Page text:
Wolfram|Alpha Adds Military Data

Wolfram|Alpha announced on June 1 that it had added information on army, navy, and air force personnel for over 150 countries as well as armament statistics (tanks, nuclear warhead stockpiles, etc.)

I wondered if this new data means you could now do a Wolfram|Alpha search for random army, but it doesn’t. However you can do country army requests and separate them with commas to get a table of results comparing army sizes. For example, you could search for South Korea army, North Korea army.

You’ll get a result page that compares several different data points, including total population, military population, military fit population, and military expenditures. This is interesting, but I liked
taking it a step further and comparing military statistics with non-military data. I could run this search: South Korea army, North Korea army, Luxembourg population and get data about the size of the armies of South and North Korea, and by comparison the Luxembourg population. In case you’re wondering, the population of North Korea’s army is over twice that of the country of Luxembourg.

You can also stack up several bits of data about the same countries and put those together in a table. I did a search for North Korea army, North Korea Population, North Korea GDP, South Korea army, South Korea population, South Korea GDP and got a table of information comparing the two countries. Note when you do a search this way you don’t get all available information about a country’s military.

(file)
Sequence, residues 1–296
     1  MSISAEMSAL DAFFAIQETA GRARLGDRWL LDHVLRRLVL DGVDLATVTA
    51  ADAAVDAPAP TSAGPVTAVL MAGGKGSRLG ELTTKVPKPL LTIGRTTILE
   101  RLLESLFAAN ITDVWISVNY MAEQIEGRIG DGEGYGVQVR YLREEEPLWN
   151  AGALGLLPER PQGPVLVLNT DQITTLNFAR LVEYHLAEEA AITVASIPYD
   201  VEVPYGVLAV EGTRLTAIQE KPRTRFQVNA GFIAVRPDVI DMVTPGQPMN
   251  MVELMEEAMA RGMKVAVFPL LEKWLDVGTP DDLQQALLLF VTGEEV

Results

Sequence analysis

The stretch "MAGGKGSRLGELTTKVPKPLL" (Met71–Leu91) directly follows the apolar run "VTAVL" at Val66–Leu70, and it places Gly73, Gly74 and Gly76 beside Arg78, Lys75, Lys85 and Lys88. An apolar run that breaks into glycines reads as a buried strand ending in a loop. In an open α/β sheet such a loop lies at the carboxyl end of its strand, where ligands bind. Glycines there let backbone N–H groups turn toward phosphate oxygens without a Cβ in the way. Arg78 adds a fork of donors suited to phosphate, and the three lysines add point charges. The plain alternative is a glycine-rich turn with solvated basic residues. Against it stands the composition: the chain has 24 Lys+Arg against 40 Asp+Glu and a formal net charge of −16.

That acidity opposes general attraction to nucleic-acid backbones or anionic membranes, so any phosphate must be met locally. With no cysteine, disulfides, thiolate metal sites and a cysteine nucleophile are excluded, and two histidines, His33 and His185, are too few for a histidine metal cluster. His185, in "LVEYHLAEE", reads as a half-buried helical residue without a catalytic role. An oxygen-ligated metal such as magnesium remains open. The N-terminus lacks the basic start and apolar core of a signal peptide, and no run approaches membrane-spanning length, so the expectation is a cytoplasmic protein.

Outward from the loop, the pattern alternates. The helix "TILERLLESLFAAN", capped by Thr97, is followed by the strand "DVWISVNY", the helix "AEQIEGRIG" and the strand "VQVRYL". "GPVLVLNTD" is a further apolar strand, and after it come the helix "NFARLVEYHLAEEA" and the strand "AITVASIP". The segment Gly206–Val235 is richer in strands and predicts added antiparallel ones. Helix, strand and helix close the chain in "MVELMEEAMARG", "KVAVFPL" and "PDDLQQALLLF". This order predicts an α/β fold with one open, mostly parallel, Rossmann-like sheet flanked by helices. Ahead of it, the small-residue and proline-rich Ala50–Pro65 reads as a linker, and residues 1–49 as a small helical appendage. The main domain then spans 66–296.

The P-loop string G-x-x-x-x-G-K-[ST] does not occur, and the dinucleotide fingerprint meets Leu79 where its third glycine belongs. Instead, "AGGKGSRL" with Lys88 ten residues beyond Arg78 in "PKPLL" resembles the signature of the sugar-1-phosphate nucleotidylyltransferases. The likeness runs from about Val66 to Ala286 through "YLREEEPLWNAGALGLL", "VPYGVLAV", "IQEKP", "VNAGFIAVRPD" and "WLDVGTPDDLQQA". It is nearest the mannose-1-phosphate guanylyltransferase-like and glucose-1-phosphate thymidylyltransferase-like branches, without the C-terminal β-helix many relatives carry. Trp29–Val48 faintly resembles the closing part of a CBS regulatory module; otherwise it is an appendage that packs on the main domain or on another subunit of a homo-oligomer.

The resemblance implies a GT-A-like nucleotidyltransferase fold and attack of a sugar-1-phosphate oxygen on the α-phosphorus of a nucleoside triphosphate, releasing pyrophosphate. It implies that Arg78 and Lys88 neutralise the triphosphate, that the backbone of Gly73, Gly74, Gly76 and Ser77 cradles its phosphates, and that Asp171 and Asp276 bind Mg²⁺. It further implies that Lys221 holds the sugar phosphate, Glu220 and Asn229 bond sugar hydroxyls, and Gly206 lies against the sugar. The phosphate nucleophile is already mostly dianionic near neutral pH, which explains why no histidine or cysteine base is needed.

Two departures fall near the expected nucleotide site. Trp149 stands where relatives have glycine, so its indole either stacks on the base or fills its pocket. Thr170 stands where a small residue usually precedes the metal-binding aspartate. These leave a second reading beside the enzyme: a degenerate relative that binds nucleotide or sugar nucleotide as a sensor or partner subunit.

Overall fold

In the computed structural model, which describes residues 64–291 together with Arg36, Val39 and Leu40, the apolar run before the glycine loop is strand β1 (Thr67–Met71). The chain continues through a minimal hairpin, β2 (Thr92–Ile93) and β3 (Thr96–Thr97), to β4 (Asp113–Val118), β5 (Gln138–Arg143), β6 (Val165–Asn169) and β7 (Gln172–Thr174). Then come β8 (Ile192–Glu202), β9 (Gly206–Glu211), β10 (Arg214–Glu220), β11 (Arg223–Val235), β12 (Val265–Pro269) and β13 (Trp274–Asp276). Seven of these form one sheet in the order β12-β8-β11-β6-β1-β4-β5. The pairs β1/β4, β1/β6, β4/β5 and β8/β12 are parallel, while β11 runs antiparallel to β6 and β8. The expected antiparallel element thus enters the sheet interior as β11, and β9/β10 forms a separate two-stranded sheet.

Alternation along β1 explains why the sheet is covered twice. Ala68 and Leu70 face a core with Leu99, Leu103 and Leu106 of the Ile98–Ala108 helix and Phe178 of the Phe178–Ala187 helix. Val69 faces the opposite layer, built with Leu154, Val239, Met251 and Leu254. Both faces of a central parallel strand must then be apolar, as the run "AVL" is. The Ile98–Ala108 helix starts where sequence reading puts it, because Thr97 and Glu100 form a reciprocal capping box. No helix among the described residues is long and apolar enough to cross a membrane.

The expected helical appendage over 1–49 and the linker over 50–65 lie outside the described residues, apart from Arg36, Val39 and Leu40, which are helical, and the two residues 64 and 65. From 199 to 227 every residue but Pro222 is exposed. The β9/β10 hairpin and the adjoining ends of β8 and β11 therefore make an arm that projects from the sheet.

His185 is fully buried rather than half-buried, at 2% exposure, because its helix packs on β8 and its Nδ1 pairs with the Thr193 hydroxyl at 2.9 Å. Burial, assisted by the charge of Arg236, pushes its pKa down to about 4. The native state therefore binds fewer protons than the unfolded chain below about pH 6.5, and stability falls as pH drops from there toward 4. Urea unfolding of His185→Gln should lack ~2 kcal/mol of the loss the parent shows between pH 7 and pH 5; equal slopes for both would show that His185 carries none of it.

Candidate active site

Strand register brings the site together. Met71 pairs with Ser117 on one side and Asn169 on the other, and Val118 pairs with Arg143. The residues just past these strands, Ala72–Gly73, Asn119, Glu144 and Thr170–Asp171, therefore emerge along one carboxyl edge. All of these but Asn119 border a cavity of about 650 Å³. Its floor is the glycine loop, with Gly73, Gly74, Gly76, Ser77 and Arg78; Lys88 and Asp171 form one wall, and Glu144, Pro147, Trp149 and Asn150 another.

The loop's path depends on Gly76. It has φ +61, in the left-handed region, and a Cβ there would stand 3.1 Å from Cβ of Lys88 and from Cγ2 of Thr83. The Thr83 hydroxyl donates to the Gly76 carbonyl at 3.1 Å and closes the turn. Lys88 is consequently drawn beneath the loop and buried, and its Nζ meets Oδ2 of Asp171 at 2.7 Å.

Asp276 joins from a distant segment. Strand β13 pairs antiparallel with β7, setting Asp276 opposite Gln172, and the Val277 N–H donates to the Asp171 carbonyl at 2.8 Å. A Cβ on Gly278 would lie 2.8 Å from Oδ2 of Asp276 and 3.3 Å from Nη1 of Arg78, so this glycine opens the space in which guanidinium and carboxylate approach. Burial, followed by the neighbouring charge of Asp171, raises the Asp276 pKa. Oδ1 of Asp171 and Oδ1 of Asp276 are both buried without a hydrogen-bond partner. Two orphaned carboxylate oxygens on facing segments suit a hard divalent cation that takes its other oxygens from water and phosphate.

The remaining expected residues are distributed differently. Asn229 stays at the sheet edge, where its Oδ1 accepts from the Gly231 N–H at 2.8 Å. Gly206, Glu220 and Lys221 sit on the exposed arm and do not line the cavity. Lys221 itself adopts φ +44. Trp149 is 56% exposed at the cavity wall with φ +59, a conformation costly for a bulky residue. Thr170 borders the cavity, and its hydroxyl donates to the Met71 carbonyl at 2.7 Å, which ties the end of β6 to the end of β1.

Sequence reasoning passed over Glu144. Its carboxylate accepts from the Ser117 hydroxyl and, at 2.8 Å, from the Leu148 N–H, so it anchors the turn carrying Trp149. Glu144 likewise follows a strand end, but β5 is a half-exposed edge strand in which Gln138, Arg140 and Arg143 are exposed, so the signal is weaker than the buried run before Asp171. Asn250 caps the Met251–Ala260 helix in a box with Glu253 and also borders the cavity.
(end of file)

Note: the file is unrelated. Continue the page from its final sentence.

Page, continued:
Finally, you can also do military information math by using military statistics with other data. If I wanted to get the ratio of the population of South Korea to its military population, I could do a search like South Korea Population / South Korea Army and get the answer 86 — in other words, 86 people in the general population of South Korea for every member of the military. There’s also a chart showing how this number has changed over the last 210 years and how it is expected to change over the next 40.

As I’m discovering more and more with Wolfram|Alpha, the data itself is of secondary interest to discovering all the new and interesting ways you can divvy it up.

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